Feeling the heat
Singapore, 25th October 2013
A story that caught my attention was about a set of mirrors installed on a mountain top near a small town in Norway to reflect light from the sun onto the village in the valley which during most of the winter month is in the shade and does not receive any daylight at all. The exercise seems to be pretty successful according to new sources like BBC with the villagers raving about the extra sun they receive.
This is in stark contrast to two other stories strongly related to the same subject. In London recently someone lodged an official complaint in regards to the fact that the highly mirrored glass windows of a building facade in downtown London had reflected the sunlight on his car and has caused his car mirror to melt. I guess this is hard to prove but fact is that more and more modern city buildings have highly mirrored glass finishes (exactly to keep the heat out of the building!) which results in at times very strong and blinding reflections.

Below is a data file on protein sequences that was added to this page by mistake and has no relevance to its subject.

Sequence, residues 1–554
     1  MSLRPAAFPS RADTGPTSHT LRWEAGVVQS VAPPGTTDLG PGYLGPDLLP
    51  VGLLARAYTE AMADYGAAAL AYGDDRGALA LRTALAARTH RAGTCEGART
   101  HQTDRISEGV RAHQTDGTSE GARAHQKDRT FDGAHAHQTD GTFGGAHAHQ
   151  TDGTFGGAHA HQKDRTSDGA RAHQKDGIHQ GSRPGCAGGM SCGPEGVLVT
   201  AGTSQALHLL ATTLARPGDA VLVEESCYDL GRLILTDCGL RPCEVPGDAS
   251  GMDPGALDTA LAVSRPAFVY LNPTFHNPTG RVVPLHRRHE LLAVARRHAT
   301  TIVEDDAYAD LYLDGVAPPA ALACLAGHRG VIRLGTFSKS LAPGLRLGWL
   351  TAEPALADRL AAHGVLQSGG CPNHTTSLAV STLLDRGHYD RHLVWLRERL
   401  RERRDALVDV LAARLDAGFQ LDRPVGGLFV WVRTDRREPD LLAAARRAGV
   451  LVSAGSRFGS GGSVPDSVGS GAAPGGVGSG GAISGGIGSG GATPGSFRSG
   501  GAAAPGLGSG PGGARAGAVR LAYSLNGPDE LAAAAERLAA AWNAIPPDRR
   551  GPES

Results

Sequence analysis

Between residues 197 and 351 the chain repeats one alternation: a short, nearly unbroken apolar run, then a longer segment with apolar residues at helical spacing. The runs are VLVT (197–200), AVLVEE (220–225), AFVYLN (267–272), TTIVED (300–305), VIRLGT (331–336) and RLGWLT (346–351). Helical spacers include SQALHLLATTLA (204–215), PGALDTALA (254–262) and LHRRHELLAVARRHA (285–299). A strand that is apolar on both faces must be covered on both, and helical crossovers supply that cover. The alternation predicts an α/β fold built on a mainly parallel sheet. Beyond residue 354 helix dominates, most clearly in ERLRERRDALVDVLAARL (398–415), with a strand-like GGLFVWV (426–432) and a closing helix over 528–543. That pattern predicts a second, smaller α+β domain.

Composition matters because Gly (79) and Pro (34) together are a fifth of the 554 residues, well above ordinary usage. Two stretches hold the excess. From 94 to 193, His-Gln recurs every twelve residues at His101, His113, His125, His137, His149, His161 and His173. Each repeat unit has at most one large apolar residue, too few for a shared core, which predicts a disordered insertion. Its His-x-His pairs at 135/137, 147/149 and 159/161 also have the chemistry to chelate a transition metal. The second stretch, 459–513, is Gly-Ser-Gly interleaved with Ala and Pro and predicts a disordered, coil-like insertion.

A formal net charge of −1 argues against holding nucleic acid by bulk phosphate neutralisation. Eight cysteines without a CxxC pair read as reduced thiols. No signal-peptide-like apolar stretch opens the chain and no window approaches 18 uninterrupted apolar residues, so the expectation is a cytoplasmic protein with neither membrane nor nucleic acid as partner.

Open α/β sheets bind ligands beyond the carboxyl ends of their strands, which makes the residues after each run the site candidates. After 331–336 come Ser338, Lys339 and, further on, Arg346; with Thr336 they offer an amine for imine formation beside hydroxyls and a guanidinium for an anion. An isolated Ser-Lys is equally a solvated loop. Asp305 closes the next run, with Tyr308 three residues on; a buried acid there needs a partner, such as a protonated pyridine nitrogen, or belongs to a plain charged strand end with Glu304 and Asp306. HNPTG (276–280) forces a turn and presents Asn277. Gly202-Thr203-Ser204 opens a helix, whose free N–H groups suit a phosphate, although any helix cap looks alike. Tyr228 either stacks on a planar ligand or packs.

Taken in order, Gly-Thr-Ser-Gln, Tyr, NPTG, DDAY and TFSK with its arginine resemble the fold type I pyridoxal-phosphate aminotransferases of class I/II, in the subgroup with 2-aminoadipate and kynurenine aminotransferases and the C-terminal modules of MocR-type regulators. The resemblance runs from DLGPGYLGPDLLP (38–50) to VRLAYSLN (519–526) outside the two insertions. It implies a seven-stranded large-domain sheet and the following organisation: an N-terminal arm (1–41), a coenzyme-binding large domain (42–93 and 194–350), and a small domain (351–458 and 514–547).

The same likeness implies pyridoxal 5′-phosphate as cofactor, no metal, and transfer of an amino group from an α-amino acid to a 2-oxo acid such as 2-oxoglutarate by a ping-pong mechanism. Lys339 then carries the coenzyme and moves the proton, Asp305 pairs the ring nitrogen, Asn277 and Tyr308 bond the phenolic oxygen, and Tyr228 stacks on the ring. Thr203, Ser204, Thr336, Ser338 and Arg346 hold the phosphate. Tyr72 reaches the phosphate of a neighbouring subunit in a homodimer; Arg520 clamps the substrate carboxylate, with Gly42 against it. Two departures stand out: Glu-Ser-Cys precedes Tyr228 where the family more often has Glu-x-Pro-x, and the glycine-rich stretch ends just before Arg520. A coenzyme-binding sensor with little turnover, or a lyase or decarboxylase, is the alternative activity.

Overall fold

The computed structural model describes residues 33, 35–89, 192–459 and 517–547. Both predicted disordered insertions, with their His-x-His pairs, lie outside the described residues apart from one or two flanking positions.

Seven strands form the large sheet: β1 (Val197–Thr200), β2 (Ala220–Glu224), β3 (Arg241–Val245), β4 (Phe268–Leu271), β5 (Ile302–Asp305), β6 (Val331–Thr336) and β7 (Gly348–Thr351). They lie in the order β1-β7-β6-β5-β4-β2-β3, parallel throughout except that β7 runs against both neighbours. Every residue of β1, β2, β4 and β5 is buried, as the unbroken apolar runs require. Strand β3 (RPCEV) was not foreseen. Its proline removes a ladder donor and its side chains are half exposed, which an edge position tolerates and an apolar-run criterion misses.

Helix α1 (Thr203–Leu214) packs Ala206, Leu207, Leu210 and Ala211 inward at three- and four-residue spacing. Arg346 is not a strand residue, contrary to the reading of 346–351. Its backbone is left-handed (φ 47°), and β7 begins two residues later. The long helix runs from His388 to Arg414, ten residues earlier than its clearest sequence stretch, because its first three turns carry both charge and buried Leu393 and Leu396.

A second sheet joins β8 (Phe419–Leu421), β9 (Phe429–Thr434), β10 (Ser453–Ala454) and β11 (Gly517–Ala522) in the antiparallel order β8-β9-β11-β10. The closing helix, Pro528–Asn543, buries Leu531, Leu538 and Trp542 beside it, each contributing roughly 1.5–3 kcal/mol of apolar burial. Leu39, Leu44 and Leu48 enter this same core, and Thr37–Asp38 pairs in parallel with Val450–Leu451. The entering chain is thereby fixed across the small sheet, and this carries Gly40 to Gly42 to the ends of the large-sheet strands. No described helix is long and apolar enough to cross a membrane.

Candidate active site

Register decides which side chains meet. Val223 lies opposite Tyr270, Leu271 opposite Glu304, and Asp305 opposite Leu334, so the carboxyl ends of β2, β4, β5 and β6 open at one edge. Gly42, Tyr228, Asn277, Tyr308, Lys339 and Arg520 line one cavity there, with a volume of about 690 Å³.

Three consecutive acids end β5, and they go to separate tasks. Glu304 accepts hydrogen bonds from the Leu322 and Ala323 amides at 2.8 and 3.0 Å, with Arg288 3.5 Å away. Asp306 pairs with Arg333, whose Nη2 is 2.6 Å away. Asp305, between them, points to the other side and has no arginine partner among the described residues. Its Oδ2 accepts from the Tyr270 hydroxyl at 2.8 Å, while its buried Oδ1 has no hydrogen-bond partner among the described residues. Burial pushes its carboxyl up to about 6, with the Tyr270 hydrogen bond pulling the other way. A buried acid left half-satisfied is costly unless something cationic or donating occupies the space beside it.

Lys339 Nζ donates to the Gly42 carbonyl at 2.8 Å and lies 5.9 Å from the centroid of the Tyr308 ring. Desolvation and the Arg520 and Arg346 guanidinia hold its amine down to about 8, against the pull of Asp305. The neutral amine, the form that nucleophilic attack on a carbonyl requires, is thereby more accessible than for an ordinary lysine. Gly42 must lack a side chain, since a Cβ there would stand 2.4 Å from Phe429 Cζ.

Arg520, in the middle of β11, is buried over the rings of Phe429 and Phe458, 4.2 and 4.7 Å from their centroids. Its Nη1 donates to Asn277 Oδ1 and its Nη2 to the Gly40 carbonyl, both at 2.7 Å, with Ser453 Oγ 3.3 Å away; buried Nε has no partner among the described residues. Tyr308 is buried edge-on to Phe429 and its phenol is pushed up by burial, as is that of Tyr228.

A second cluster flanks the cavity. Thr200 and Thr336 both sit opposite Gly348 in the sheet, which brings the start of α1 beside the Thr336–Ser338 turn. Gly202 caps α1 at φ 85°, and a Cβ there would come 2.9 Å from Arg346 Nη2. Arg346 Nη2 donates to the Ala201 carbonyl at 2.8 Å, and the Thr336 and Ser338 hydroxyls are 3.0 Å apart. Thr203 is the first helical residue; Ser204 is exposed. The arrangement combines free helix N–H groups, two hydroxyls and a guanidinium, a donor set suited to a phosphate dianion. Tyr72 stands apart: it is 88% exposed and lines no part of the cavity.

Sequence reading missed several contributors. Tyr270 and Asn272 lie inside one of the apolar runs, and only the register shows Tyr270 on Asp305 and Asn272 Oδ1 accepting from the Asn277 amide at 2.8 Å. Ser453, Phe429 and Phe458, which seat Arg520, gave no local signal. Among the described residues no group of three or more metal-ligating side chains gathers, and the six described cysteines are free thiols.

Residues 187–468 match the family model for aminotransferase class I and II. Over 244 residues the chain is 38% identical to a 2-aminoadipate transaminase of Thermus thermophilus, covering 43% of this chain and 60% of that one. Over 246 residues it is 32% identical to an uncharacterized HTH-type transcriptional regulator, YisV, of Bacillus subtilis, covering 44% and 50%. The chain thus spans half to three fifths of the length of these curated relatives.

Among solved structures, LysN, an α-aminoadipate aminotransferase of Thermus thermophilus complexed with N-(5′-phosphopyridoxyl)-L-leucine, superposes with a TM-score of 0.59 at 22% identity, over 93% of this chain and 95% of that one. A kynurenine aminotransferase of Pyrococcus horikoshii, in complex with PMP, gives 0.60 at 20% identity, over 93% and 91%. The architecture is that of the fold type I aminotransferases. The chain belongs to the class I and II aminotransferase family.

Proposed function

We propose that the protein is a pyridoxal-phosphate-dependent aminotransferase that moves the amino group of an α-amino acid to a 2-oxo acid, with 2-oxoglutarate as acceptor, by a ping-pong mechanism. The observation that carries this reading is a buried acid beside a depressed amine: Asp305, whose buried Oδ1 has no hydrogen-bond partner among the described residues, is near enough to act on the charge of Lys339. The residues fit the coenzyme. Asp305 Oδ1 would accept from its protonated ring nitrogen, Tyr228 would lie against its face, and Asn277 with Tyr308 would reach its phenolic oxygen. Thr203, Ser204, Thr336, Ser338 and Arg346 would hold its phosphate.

In another related story Singapore has just launched some new regulations to police and regulate the use of reflective glass on building facades to keep in control of the reflected sunlight environment. There is certainly something to say for that because while it may be nice for the people inside the building to keep the sunlight out they should do so in consideration of the urban environment and human spaces outside the building. Inconsiderate use of the mirror material should therefore be subject to legislation and putting this as a matter for urban approval seems the right way to go!
I am off to Europe tonight and shall be reporting from PLDC from Wednesday onwards after a short break with my parents in Holland these coming days! For those going to Copenhagen, see you there and please do come to my presentation on Friday!
Light Watch 4-183: The installed mirror in the mountains of Norway, the London car claim and the Singapore legislation in regards to glass façade applications.